U.S. Sanctions Iran—Second Time this Week

The new measures underscore the extent of the Biden administration’s change of policy toward Iran, since it first took office in January 2021.
The logo of US Treasury Department. (Photo: US Treasury Department )
The logo of US Treasury Department. (Photo: US Treasury Department )

WASHINGTON DC, United States (Kurdistan 24) – The U.S. announced new sanctions on Iran on Thursday, marking the second time this week that Washington has imposed punitive measures on Tehran.

The new measures underscore the extent of the Biden administration’s change of policy toward Iran, since it first took office in January 2021, when its top priority was to restore the 2015 nuclear deal, formally known as the Joint Comprehensive Plan of Action (JCPOA), which Donald Trump left in 2018.

Three factors have contributed to this change. One is the perception that the Iranian regime negotiated in bad faith during the first 18 months in which the Biden administration and its European partners sought to renew the JCPOA. 

A second factor is the protests in Iran, triggered by the Sept. 16, 2022, death of the young Kurdish woman, Zhina (Mahsa) Amini, while in the custody of Tehran’s so-called “morality police” for not properly wearing her headscarf.

And the third factor has been Iran’s open alignment with Russia in its unprovoked aggression on Ukraine, including, most prominently, Tehran’s supply of explosive drones to Moscow.

The Ukraine war is a top national security concern for the U.S. and Europe. As recently as Monday, John Kirby, Coordinator for Strategic Communications at the National Security Council, complained to journalists that Russian President Vladimir Putin “continues to bomb and strike, with Iranian drones, civilian infrastructure throughout Ukraine.”

First Sanctions: For Violent Suppression of Popular Protests

On Monday, the U.S. sanctioned six senior officials in the Islamic Revolutionary Guard Corps (IRGC) and in Iran’s law enforcement agencies, which it described as “the primary Iranian security forces responsible for the regime’s brutal suppression of the protests that broke out in September 2022, following the arrest and death of Mahsa Jina Amini while in the custody of Iran’s Morality Police,” the Treasury Department said in announcing the new measures.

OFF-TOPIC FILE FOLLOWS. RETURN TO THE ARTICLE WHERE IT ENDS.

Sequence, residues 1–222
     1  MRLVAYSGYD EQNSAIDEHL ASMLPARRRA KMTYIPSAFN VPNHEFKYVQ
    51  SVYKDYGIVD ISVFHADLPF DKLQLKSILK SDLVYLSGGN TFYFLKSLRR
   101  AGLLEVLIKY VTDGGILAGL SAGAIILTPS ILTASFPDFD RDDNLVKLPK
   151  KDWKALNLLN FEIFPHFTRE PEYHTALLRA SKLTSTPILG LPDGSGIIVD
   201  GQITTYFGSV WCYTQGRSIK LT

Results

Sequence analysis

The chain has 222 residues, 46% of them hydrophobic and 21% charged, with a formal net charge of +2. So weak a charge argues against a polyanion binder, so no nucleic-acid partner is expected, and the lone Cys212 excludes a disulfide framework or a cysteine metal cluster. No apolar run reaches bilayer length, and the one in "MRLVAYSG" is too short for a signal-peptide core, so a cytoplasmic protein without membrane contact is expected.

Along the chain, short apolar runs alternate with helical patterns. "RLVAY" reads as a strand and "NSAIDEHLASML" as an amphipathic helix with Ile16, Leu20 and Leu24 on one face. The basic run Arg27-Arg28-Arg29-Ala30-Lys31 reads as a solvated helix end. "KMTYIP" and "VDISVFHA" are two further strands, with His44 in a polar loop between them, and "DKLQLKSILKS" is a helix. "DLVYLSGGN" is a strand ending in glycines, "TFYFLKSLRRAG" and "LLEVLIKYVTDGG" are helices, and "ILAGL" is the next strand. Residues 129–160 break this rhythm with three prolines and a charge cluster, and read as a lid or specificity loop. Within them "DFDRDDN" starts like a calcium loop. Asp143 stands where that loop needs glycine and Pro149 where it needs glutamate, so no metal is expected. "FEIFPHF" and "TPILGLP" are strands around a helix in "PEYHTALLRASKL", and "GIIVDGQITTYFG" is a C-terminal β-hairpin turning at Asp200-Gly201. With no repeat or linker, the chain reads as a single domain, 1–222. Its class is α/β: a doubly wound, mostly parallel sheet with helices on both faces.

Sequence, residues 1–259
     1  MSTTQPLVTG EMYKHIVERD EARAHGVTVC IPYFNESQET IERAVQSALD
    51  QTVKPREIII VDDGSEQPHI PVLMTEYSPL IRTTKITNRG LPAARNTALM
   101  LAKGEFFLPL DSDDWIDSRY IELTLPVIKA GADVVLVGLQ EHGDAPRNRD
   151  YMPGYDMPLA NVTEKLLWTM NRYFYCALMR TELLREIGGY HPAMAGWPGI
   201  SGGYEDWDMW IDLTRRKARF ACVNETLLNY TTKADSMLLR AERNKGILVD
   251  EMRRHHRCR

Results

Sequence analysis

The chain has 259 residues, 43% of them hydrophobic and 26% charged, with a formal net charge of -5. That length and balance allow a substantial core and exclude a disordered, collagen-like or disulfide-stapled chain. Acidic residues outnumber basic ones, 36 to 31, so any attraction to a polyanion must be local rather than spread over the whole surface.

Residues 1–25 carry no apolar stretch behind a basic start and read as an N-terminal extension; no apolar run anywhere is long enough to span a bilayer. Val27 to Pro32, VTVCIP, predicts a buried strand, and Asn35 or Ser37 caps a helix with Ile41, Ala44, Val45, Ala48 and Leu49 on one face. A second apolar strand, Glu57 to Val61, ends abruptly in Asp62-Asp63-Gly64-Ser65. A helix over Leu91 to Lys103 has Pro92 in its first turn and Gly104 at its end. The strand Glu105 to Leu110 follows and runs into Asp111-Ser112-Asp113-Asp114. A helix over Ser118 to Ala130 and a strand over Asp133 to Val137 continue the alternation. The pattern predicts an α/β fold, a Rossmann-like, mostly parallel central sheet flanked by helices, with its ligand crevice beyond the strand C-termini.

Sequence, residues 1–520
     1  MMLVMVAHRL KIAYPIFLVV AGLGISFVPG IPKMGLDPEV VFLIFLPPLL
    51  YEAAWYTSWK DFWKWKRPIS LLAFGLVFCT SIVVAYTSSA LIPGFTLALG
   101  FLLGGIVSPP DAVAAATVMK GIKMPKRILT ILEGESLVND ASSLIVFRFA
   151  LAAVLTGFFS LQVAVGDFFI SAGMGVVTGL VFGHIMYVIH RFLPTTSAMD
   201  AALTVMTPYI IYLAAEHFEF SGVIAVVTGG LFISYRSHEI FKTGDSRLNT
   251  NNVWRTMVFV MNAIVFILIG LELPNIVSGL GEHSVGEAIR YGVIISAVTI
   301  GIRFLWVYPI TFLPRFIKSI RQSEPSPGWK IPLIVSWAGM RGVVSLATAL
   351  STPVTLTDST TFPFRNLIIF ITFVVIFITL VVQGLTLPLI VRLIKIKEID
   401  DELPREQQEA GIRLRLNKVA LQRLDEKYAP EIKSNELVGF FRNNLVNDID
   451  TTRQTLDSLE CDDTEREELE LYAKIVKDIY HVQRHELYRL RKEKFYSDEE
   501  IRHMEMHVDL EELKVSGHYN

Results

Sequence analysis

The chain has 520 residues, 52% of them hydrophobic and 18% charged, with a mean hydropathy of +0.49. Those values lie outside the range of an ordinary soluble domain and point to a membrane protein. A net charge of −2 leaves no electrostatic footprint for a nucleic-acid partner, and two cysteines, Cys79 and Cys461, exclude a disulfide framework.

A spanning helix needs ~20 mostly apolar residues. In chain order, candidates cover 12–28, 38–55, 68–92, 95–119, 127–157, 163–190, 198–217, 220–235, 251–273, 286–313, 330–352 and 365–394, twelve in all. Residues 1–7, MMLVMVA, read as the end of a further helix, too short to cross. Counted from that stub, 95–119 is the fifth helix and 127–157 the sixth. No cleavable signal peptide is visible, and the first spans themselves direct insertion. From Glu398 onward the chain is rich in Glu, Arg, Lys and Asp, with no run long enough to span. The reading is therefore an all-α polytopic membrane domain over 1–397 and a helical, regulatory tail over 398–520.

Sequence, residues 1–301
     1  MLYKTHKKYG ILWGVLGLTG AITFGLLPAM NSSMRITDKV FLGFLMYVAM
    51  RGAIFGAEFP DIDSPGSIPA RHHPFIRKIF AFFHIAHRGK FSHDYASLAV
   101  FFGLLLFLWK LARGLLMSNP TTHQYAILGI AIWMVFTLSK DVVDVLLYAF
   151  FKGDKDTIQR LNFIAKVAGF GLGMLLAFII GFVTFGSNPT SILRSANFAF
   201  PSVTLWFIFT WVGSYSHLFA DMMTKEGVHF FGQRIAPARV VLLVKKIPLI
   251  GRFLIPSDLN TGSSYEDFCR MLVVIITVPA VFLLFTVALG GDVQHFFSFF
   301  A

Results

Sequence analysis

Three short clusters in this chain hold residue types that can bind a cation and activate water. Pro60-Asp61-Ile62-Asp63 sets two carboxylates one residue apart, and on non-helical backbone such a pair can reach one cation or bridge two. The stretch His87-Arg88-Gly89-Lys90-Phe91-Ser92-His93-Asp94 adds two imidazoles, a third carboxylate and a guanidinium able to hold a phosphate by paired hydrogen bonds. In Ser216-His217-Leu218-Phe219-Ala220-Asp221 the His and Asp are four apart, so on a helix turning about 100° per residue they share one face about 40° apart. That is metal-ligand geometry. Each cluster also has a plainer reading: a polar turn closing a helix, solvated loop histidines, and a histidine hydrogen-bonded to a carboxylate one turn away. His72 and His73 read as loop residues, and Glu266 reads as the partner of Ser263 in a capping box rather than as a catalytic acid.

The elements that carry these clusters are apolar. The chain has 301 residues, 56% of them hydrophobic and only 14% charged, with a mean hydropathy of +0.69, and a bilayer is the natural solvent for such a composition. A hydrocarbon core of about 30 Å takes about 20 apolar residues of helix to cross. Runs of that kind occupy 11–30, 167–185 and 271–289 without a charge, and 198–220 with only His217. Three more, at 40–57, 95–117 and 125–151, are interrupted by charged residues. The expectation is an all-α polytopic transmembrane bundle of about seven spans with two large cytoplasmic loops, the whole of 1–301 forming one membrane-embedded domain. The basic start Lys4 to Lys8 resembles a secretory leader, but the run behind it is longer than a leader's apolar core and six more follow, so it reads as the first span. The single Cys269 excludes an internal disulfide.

Four of those sanctioned are IRGC commanders. Two of them operated in Iran’s far eastern province of Sistan and Baluchistan, which is the homeland of the Baluch people, that borders Pakistan and Afghanistan, which also include significant Baluch populations. 

The Baluch are Sunnis, with their own language and compact territory, and chafe at the controls imposed on them by the Shi’ite rulers in Tehran. Indeed, Iraq’s Sunni regimes—from the monarchy to Saddam Hussein—often supported Baluch revolts as a means of exerting pressure on Tehran.

Parvis Absalan, the Deputy Commander of the IRGC’s Salman Corps of Sistan and Baluchistan Province, was among those sanctioned on Monday. 

“The Salman Corps were involved in the violent suppression of protests in Sistan and Baluchistan, which resulted in some of the largest casualties nationwide, following the outbreak of protests in September 2022,” the Treasury Department stated, in explaining the reasons for sanctioning Absalan, as well as the former Commander of the Salman Corps, Amanollah Goshtasbi (Goshtasbi has since been promoted to Deputy Inspector of the IRGC’s Ground Forces!)

Second Sanctions: Those Responsible for Wrongful Detention of U.S. Nationals

On Thursday, the Treasury Department announced a second set of sanctions on Iran. These sanctions were based on an executive order, issued by President Joe Biden last July, entitled, “Bolstering Efforts to Bring Hostages and Wrongfully Detained U.S. Nationals Home.”

The sanctions were placed on the IRGC’s Intelligence Organization (IRGC-IO), which “frequently holds and interrogates detainees in the notorious Evin Prison,” the Treasury Department said. In addition, the IRGC-IO has a “direct role in the repression of protests and arrest of dissidents, including dual nationals.” 

Four senior officials in the IRGC-IO were also designated. They include Mohammad Kazemi, who, in June 2022, became Commander of the IRGC-IO. In that capacity, he oversaw “the regime’s brutal crackdown against protests across the country, in response to the killing of Mahsa Amini,” the Treasury Department said.

The IRGC-IO’s top Counterintelligence official, Ruhollah Bazghandi, was also sanctioned. He is “involved with the detention of foreign prisoners” in Iran, while he has also been engaged in “IRGC-IO’s operations in Syria and assassination plots against journalists, Israeli citizens, and others deemed enemies of Iran,” the Treasury Department explained.

A third sanctioned individual—Mohammad Hasan Mohagheghi—also worked in Syria, where he “served as a liaison between senior IRGC officials and IRGC-IO officials on counterespionage operations.”